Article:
If you're wondering why you may not have heard from us for a while, why we don't seem able to return phone calls, answer e-mails, remember birthdays or generally what day of the week it is, or recall if our underwear is right-side-out, there is only one thing to blame: THE HOUSE. It is the great culprit that has been stealing of all our time, energy, health, and sanity. It is best to begin at the beginning.When we first took this job, part of the agreement was that Spring House Meats would provide our housing. A few weeks before we were scheduled to begin work, we went up to the farm to figure out our housing options. At first, we thought we would live in a house on the hill with our fellow farmer, Erin Kirley, but another house had become available. Malanyon, who had worked on the farm for some time, decided to move on, so the house he had been occupying could be ours. Great, I thought. We went to look at it. What we saw would have sent any sane person running. At first impression, the exterior of the house looked cute: a typical well-worn, maybe even care-worn, little old farmhouse. The interior, however, was less forgiving. The word squalor comes to mind or maybe something stronger, a word that could strike at the very essence of filth. The disrepair was beyond words. The "living" room was blanketed in rat droppings that crunched like gravel under our feet. The metal sink and shelves in the kitchen were rusted, and rats had pilfered through every cabinet leaving plentiful evidence. Many long, thick snake skins decorated every crevice in the ceiling. Red wax dribbled down the walls in places. Unholy black dust fell like atomic snow from cracks in the ceilings and could be found behind every floorboard. The wood stove had been used as a trash can, filled with chip bags and coke cans and, as we later saw, a half-burned pair of men's underwear. You shouldn't be surprised at this point, but parts of the ceiling were rotted through. The floor in the kitchen could have been a trampoline. Window panes were missing and would fall out at the lightest touch, and spiders ruled the four corners of every room. Some insane person had put, and by "put" I mean nailed and stapled, greenish-yellow shag carpeting in the kitchen, where Malanyon had left peanut butter and canola oil open for God knows how long. The house looked as if its occupant had been abducted mid-way through making a sandwich. What was our response when we saw all this? "Great! Oh, this will be great, sure, we can do this, it's cute, it's got potential, it's just dirty, sure Jamie, we can clean this up. We can knock this out in two or three weeks!" Oh, oh, the naïvety! It's almost painful. No, it is painful. Call it excitement or blind enthusiasm, for blind it was. The fact of the matter is, we were out of our effing minds.Fortunately, Amy had Malanyon do the initial clean-up. When we got to work on the house, the rat-droppings were gone, the carpeting ripped up, and all of the appliances were removed except for the fridge. The pictures here begin with the house as it was when we started working. Sadly, or perhaps blessedly, all record of the way the house first looked is lost. We began with bleach. Lots and lots of bleach. Then, demolition. We tore out everything we could. Sheetrock, flooring, cabinets; did I mention we were insane to do this? When the carpeting was pulled out we found two layers of pre- World War Two linoleum underneath in various states of decay. We did well ripping it out with our gloved hands and respirators (asbestos is fun!) but we eventually had to go at it with a shovel. We found that the windows were not so much "installed" as they were "set" in their rough openings and held there by the trim. We tore out the mouldy sheetrock in the bedroom to find lovely beadboard walls, but they were so full of cracks and holes that no amount of wood epoxy could repair them. It should also be mentioned that the primary problem with the house is the fact that it does not have a true foundation. "A ship of ancient beams on a sea of moving stone" is how Ross describes the problems. Typical of the period the house was constructed, the foundation is pier and piling, which are wood beams and stone piles set on the ground. Trouble is, after about 100 years the ground and thus the stone and wood tend to move around a bit. The floor of the house is a visible arc. If you are in the bedroom you have to walk uphill to get to the living room. If you're in the living room you go downhill to the kitchen. As a result of all this pushing and pulling walls have separated from each other and from the ceiling and floorboards have pulled apart. All these factors plus no insulation rendered the house a sieve. So, in the process of filling in as many holes as possible with the amazing wonderful thing that is Great Stuff, we insulated. How, you might ask, does one insulate into walls that already exist without tearing them down? Why, with a hole-saw drill-bit, a rented insulation machine from Home Depot, duct tape, the top of a water bottle and lots and lots of cellulose. Insulating the house is a good example of what just about every day of housework was like.It begins with a trip to Home Depot. We probably spent a total of 30+ hours over the past two months inside Home Depot. Ross went to rent the 200lb insulation machine and purchase insulation, I went to get other things we needed for other projects: Rustoleum, masking tape, duct tape, drywall screws, etc. An hour later, we loaded the machine and everything else into the back of Jamie's truck and drive back to the farm. By now it is about 10am. We look around the house and see that part of the wall needs to be shorn up before we can start drilling into it. Then we discuss the relative merits of putting a vapour barrier up before we re-sheetrock. Then we get a phone call that the pigs have gotten out and help is needed to herd them back in and fix the fence. It is now 2:00 in the afternoon. We stop because we are both starving and drive to Trout Lily to pick up a sandwich. We set up the insulation machine after we call Home Depot to let them know we will need the machine for an extra day. We find an empty water bottle, cut it in half, and affix it to the insulation machine hose with duct tape to use as a spigot between the hose and the hole in the wall. We drill the first hole. The beadboard gets stuck in the hole-saw drill bit and we cant get it out. We spend half-an-hour getting the wood out and deciding if we need to go get a new drill-bit. We decide not to and keep going. We stop because the insulation we are blowing in is blowing out the "naturally-formed" holes in the walls and ceilings. We duct tape them shut. We continue. We stop. There is a flow problem in the hose and air is blowing but no insulation is coming. We spend an hour with the hose, a flashlight and a metal yardstick loosening the insulation so that it flows again. It is now 6:30pm and we have to stop. Only one wall is completed. Everything. I mean EVERYTHING, we did to this house went like this. Nothing was simple or straightforward, nothing could be done right the first time, nothing could be done right efficiently. One-hundred years of neglect and "git-er-done" attitude had taken its toll on this house to its very core; we fought back tooth and nail, blood, sweat, and tears. I couldn't begin to document and discuss every task we tackled on this house, but I took pictures of quite a lot of it, which is as good a way as any of showing you what we did.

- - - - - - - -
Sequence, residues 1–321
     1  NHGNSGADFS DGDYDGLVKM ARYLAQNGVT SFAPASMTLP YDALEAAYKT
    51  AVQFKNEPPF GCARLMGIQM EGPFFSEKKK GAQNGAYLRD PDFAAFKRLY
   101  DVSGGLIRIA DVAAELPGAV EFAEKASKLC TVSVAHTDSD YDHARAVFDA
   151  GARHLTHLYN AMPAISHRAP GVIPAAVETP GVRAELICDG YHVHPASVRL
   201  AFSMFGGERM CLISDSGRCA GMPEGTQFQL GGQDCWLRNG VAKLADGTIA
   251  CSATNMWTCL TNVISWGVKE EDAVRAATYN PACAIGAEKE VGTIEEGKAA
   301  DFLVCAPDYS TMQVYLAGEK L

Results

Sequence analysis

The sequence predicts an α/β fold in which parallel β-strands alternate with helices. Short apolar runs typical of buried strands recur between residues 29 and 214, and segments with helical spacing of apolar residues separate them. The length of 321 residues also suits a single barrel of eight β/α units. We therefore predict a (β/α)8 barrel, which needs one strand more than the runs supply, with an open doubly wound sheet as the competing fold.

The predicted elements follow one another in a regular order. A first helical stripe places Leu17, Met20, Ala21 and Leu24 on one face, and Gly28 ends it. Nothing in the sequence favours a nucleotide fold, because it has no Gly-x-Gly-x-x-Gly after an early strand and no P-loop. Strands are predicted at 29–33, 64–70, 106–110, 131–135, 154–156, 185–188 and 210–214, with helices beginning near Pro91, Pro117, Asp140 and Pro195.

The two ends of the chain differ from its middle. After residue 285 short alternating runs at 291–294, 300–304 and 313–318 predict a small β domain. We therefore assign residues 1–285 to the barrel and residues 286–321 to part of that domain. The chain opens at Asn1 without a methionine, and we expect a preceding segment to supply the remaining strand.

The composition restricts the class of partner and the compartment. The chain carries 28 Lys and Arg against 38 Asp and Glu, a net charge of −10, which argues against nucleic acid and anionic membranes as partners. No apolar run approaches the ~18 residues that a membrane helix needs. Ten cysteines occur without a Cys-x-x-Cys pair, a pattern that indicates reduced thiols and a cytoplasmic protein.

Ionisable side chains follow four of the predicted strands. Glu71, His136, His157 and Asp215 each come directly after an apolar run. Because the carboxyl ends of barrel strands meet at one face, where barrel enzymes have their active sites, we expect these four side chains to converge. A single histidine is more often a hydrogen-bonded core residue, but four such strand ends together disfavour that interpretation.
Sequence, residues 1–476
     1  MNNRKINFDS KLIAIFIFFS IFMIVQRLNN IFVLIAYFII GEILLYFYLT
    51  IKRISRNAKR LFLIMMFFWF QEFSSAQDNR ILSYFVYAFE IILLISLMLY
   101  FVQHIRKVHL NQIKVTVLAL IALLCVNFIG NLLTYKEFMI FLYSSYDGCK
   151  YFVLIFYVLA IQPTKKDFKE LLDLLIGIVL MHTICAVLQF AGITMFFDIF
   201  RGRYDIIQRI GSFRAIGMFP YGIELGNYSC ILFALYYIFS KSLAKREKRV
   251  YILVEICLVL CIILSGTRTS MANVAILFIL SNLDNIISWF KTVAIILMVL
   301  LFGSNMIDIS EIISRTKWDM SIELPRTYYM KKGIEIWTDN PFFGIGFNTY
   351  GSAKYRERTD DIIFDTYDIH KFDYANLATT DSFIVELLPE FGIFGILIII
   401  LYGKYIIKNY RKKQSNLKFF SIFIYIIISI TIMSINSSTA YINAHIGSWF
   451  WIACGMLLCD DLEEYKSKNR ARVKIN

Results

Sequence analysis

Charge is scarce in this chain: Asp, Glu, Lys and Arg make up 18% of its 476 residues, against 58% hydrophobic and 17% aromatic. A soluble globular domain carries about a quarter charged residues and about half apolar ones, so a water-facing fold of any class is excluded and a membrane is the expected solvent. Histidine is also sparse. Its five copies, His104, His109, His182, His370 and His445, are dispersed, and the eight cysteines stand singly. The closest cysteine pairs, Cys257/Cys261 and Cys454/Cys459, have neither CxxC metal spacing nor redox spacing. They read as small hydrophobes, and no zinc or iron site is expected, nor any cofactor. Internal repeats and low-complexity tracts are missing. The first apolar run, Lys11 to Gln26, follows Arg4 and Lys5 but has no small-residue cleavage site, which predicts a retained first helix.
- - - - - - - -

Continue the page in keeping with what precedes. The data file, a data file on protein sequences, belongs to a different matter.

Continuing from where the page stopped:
Here is the house as it was when we started working: